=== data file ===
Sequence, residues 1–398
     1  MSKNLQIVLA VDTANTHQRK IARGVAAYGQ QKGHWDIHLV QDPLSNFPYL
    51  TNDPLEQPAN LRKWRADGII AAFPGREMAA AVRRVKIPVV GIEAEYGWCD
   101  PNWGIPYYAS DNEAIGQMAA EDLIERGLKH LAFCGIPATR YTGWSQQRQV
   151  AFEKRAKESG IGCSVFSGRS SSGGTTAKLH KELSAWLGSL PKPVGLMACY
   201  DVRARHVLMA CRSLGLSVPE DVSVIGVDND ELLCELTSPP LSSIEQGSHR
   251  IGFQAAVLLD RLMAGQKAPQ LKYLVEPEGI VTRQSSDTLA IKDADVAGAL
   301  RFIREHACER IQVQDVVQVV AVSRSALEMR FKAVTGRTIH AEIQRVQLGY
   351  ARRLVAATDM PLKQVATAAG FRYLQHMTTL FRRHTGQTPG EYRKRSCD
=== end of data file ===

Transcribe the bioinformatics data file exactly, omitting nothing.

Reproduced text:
Sequence, residues 1–398
     1  MSKNLQIVLA VDTANTHQRK IARGVAAYGQ QKGHWDIHLV QDPLSNFPYL
    51  TNDPLEQPAN LRKWRADGII AAFPGREMAA AVRRVKIPVV GIEAEYGWCD
   101  PNWGIPYYAS DNEAIGQMAA EDLIERGLKH LAFCGIPATR YTGWSQQRQV
   151  AFEKRAKESG IGCSVFSGRS SSGGTTAKLH KELSAWLGSL PKPVGLMACY
   201  DVRARHVLMA CRSLGLSVPE DVSVIGVDND ELLCELTSPP LSSIEQGSHR
   251  IGFQAAVLLD RLMAGQKAPQ LKYLVEPEGI VTRQSSDTLA IKDADVAGAL
   301  RFIREHACER IQVQDVVQVV AVSRSALEMR FKAVTGRTIH AEIQRVQLGY
   351  ARRLVAATDM PLKQVATAAG FRYLQHMTTL FRRHTGQTPG EYRKRSCD